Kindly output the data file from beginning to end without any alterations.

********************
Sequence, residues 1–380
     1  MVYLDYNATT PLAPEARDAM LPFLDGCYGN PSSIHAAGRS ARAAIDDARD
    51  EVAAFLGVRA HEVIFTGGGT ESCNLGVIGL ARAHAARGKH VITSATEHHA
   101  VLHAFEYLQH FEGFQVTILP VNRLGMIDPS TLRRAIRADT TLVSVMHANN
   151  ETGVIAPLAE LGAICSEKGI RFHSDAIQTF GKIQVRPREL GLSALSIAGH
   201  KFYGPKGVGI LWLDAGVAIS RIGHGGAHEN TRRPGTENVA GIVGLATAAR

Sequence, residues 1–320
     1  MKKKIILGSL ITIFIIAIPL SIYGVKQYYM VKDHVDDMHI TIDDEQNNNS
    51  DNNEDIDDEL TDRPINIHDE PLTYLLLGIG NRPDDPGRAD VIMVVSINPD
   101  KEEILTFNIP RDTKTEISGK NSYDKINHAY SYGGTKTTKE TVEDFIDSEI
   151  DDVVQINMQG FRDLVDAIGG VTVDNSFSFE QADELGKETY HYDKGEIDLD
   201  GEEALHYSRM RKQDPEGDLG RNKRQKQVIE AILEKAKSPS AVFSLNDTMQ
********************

Sequence, residues 1–380
     1  MVYLDYNATT PLAPEARDAM LPFLDGCYGN PSSIHAAGRS ARAAIDDARD
    51  EVAAFLGVRA HEVIFTGGGT ESCNLGVIGL ARAHAARGKH VITSATEHHA
   101  VLHAFEYLQH FEGFQVTILP VNRLGMIDPS TLRRAIRADT TLVSVMHANN
   151  ETGVIAPLAE LGAICSEKGI RFHSDAIQTF GKIQVRPREL GLSALSIAGH
   201  KFYGPKGVGI LWLDAGVAIS RIGHGGAHEN TRRPGTENVA GIVGLATAAR

Sequence, residues 1–320
     1  MKKKIILGSL ITIFIIAIPL SIYGVKQYYM VKDHVDDMHI TIDDEQNNNS
    51  DNNEDIDDEL TDRPINIHDE PLTYLLLGIG NRPDDPGRAD VIMVVSINPD
   101  KEEILTFNIP RDTKTEISGK NSYDKINHAY SYGGTKTTKE TVEDFIDSEI
   151  DDVVQINMQG FRDLVDAIGG VTVDNSFSFE QADELGKETY HYDKGEIDLD
   201  GEEALHYSRM RKQDPEGDLG RNKRQKQVIE AILEKAKSPS AVFSLNDTMQ